By Dan Weikel, December 30, 2014
Karen Morgan prepares to drive home as Selim Eren fetches a jacket after
a vRide Vanpool arrives at Wardlow Park in Long Beach after a commute
from Santa Monica.
Driving solo to work continues to define L.A.'s entrenched car
culture. But commuters across the county are increasingly turning to
alternatives such as the van pool, a venerable ride-sharing option that
can reduce air pollution, travel times and transportation costs.
Metro, which administers the largest public van pool operation in North
America, participation has more than doubled in the last six years,
with a total of 1,375 van groups operating today. Officials expect that
figure to grow by at least 8% in 2015.
Van pool members, who ride
together in groups of five to 15, can save hundreds of dollars a month
in commuting costs. And because driving duties are shared, they avoid
the stress of getting behind the wheel every day during rush hours.
way would I go back to driving alone to work," said Tawnya Betancourt
of Long Beach, a financial analyst, who organized a five-person van pool
with Metro's help. It runs between Long Beach and Santa Monica — a
30-mile trip one-way.
Metro, which began its program in 2007,
offers eligible van pools a monthly subsidy of up to $400 to help cover
the cost of vehicle leases or other expenses. Participants must travel
at least 15 miles one way, have a minimum of five people and agree that
the van pool will commute to workplaces in Los Angeles County.
companies, public institutions and local governments also can provide
financial incentives to assist their employees and other commuters
interested in Metro's program.
say van pooling is an example of "shared mobility," an emerging
transportation strategy to provide the public with alternatives to
"It involves a multi-part relationship with the
commuter at its hub," said Jami Carringon, Metro's program manager. "The
shared mobility concept is the wave of the future. We are only going to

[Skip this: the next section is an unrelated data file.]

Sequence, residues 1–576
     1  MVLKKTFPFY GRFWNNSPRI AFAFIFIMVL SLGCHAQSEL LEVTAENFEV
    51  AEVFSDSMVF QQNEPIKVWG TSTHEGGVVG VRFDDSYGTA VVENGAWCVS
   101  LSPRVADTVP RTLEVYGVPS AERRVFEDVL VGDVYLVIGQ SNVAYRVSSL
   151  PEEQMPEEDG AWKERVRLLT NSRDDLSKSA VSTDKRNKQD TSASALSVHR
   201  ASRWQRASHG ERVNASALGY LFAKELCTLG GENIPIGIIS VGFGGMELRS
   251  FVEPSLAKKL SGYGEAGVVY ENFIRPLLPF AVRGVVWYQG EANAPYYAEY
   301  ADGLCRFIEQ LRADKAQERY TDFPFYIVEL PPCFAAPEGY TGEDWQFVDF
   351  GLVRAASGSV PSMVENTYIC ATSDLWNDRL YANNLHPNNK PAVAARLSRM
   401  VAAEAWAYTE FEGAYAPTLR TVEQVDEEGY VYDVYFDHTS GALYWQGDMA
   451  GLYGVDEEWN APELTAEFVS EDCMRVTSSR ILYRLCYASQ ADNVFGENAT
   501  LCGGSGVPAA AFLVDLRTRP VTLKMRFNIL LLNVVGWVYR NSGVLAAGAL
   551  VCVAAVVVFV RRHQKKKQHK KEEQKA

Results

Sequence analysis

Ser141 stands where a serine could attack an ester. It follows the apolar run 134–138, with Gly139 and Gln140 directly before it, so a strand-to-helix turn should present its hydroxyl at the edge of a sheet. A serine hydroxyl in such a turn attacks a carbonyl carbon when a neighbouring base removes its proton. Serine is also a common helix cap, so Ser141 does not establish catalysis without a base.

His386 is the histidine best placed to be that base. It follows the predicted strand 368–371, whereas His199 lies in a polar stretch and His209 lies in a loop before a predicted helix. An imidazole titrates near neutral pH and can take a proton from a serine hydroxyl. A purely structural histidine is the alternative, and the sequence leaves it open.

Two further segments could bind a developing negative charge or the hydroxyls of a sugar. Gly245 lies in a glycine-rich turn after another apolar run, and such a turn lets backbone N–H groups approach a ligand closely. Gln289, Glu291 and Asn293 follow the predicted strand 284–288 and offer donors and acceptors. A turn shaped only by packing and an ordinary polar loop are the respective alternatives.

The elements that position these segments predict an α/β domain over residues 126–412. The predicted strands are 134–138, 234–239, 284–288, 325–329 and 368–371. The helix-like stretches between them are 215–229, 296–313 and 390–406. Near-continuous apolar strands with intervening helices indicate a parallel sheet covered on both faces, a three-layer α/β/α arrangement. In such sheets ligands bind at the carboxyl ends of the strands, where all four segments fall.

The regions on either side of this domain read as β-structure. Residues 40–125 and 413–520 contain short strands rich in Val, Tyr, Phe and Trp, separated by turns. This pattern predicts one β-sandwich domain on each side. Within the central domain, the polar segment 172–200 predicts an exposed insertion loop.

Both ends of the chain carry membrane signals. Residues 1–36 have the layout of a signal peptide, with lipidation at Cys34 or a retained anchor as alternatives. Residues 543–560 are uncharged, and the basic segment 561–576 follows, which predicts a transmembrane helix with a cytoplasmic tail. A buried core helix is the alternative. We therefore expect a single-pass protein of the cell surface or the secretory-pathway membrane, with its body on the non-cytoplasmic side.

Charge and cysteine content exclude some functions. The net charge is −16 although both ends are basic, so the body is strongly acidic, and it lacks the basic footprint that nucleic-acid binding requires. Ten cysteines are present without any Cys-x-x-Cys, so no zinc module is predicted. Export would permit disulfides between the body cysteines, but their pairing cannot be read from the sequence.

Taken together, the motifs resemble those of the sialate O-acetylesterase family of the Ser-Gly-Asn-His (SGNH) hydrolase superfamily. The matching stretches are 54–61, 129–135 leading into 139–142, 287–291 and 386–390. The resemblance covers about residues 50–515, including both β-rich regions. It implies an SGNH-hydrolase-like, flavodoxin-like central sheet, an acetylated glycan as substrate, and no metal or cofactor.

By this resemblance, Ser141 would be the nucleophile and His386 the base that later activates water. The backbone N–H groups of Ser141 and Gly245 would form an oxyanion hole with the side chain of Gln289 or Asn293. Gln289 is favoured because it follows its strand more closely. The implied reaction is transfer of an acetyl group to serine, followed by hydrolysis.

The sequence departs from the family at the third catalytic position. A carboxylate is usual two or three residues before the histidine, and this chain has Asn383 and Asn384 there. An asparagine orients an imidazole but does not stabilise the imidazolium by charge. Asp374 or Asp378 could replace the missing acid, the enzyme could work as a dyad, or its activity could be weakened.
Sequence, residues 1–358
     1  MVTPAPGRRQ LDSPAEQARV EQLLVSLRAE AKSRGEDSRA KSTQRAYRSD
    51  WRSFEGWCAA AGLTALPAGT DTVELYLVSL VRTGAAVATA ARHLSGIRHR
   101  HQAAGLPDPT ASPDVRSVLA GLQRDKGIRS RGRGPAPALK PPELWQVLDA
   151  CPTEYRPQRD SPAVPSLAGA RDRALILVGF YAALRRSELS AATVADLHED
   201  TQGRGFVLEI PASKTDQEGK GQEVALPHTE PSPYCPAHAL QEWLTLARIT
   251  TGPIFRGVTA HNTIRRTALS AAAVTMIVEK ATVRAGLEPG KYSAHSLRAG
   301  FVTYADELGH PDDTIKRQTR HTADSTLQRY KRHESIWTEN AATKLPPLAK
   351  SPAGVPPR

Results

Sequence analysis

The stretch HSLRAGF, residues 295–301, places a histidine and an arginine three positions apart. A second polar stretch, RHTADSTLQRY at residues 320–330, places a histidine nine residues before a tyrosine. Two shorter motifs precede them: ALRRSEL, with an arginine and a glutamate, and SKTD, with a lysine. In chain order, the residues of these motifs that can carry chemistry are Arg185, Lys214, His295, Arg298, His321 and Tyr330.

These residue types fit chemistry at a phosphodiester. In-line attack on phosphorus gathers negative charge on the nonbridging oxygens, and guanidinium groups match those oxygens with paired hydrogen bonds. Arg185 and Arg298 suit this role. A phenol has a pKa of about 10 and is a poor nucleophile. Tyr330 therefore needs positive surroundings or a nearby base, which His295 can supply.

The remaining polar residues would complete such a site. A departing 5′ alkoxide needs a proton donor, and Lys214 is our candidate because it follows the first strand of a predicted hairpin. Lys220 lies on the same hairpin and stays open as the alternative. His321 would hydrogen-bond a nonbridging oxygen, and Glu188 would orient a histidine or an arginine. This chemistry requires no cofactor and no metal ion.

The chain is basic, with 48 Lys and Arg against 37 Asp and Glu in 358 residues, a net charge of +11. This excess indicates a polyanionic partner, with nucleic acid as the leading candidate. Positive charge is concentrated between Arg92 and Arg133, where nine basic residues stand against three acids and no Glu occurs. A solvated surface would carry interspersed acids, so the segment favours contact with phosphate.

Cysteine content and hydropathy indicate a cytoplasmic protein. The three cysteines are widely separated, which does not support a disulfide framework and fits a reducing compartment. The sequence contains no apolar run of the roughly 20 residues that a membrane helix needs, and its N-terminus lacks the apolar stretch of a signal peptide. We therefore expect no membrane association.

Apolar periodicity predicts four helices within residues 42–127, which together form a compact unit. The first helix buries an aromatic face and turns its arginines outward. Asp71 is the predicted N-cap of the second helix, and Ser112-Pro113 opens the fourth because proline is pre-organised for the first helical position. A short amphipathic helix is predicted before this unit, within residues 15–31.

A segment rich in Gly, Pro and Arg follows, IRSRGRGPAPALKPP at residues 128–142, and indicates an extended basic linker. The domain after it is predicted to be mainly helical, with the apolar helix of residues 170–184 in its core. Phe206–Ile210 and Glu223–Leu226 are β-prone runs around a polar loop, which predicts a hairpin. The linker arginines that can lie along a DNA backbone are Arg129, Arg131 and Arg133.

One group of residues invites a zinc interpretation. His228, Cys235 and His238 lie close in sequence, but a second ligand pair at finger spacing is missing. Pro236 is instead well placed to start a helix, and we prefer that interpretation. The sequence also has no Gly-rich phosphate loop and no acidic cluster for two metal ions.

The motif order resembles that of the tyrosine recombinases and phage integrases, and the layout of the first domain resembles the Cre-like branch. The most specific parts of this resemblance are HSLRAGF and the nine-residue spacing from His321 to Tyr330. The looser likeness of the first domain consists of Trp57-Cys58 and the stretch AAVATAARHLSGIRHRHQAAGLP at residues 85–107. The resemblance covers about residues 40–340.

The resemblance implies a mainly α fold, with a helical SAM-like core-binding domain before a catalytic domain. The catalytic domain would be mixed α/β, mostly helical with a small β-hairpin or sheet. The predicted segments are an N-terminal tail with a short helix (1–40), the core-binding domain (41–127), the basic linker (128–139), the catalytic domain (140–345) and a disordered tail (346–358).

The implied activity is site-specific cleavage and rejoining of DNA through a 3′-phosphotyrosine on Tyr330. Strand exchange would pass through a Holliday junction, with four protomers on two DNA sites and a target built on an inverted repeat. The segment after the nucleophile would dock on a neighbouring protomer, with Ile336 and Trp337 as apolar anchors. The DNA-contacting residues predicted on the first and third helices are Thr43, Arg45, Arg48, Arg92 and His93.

grow it more."
Similar programs have been set up by the San Diego
Assn. of Governments, the Orange County Transportation Authority and
the Victor Valley Transit Authority in San Bernardino County. In
addition, private companies and public institutions have helped organize
and fund their own van pools.
Betancourt's van pool began in
April 2011 and is typical of the operations Metro supports, as well as
the benefits that can accrue to participants.
group meets about 6 a.m. on weekdays, in the pre-dawn darkness at
Wardlow Park in Long Beach. They board a seven-passenger Dodge Caravan
and head north in the carpool lane of the 405 Freeway, one of the
busiest highways in the nation.
Some people sleep. One rider
usually consults mobile traffic apps to monitor congestion and scope out
alternate routes. The morning commute normally takes 45 minutes to an
hour, about 30 minutes less than it would fighting traffic for a solo
The trip home in the evening can take up to an hour and 20
minutes due to congestion on the southbound 405 and the need to use
surface streets to get around freeway bottlenecks.
$400 a month Metro provides helps offset the $870 monthly lease for the
vehicle, which is rented from vRide, one of several car rental agencies
that specialize in van pools. The lease includes insurance and
Each member contributes $175 to $200 a month for gas
and car washes — expenses that are defrayed by tax breaks and small
subsidies from employers.
Betancourt says she has reduced her
travel costs about $300 a month and can park the van for free at the
Water Garden office complex where she works. Another rider, Denise
Kinsella, an associate dean of international studies at Santa Monica
College, estimated she saves at least $100 a month.
"I went from driving 60 miles a day to just seven miles," she said. "I don't understand why more people aren't doing this.
officials say van poolers using their program save an average of $152 a
month in travel costs. Because 90% of participants used to drive alone
to work, an estimated 7,000 cars a day have been removed from the
region's highways. That translates into a reduction in carbon emissions
of 4,000 metric tons a month, according to the agency.
pooling is a great way to reduce trips and therefore cut congestion and
air pollution," said Sam Atwood, a spokesman for the South Coast Air
Quality Management District. "It's like a car pool on steroids. Some
vans carry up to 12 people."
Van pools are encouraged by district
rules that require employers with more than 250 workers to develop
emission reduction strategies to meet air quality goals for their work
Of course, van pools are not for everyone, and Metro
officials acknowledge that recruiting new riders can be difficult.
Members must have similar work schedules and both live and work in the
same general areas. The program also may not meet the needs of people
who must use their cars for work assignments or to run errands during
Nevertheless, Metro's van pool program has continued to
expand, attracting commuters from Kern, Orange, Riverside, San
Bernardino, San Diego and Ventura counties. The annual budget to pay for
subsidies and administration has grown steadily to about $7.5 million.
"People have just wanted to get out of the slow lane and find a better way," Carrington said. "Van pooling is one solution."